Now, unfortunately, this is where many people stop reading. People will understand that Jesus isn’t telling us that we don’t judge sin, but they don’t want to be the ones to do it. They will say, “Well, I’m no better than that guy, so there is nothing I can do. See this log?” But that isn’t where Jesus finishes. Jesus doesn’t say, “Well, if you got the log in your eye, there’s really nothing that you can do.” No! Jesus says, “You got a log in your eye? Well, then get that thing out of there, SO THAT YOU CAN HELP YOUR BROTHER.” Jesus is not actually against speck removal. In fact, because Jesus wants that speck out of your brother’s eye, He calls you to live a holy life to make that possible. One commentator put it this way, “How can someone whose vision is totally obscured render a just assessment of another person's minor vision problems (7:3), let alone attempt the delicate task of correcting the problem (7:4)?” David Turner, Matthew, 206). Jesus calls you to log-free living. It isn’t just so your eyes are out of pain, but so that you can help others.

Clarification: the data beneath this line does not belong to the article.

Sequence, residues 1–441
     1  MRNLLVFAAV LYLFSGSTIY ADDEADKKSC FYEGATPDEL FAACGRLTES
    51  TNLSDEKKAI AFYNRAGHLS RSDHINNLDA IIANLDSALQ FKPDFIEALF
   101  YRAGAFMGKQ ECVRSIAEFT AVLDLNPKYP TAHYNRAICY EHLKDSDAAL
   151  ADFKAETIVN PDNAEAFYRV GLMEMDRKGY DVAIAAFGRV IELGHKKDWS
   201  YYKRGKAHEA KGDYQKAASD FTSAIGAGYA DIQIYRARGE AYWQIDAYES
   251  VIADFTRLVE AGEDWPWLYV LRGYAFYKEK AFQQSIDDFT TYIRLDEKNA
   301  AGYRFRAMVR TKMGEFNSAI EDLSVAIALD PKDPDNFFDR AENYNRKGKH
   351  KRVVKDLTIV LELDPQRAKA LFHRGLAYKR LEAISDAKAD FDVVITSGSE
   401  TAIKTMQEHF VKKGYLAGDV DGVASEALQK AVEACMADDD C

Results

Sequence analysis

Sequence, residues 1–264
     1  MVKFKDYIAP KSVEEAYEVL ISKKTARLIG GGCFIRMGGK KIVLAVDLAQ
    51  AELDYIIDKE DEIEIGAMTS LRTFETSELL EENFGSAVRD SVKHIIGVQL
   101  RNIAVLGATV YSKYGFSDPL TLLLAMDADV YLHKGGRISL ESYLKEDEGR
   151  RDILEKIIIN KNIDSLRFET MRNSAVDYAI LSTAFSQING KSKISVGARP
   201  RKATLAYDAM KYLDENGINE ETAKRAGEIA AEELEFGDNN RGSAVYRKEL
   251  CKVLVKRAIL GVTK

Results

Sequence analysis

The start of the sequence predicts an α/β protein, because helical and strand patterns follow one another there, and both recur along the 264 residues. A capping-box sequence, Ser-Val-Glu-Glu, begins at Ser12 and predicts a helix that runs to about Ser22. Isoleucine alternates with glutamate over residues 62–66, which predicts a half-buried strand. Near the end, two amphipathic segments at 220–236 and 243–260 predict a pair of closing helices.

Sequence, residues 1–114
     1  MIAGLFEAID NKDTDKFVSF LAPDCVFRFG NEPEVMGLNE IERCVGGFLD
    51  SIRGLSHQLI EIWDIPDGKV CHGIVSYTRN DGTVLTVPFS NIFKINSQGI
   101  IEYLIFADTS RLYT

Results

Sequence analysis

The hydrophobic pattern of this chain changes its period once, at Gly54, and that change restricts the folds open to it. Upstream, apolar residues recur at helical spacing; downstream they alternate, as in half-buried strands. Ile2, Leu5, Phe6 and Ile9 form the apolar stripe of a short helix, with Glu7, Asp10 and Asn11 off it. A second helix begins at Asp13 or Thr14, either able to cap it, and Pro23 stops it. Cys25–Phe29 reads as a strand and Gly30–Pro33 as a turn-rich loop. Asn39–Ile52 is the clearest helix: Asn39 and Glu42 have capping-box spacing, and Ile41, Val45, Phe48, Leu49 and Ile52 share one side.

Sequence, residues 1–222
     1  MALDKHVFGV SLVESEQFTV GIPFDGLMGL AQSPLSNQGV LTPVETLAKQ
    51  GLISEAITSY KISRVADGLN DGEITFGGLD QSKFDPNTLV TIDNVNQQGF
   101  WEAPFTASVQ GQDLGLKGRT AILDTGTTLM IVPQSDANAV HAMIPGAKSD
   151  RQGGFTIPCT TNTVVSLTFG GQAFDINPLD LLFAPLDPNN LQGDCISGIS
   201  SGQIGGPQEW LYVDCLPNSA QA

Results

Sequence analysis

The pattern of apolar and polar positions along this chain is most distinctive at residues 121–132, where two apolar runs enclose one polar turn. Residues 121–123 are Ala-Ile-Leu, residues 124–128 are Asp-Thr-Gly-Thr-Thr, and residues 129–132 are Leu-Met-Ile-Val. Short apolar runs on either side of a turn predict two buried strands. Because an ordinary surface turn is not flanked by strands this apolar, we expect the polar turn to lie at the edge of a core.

That brings an entirely different motivation for holiness, doesn’t it? Have you been motivated to stop a sin so that you can help others stop that sin? You can absolutely help someone out of an addiction without having had that addiction, but boy there can be something helpful about having been there.
This isn’t about not judging, this is about being in a place to help. If you are doing the same thing, there is nothing helpful about pointing out others sin. I’m going to have a hard time quitting cigarettes if my doctor smokes. We need to recognize the position that we have calling ourselves followers of Christ.
We are called to lovingly help others live a holy life.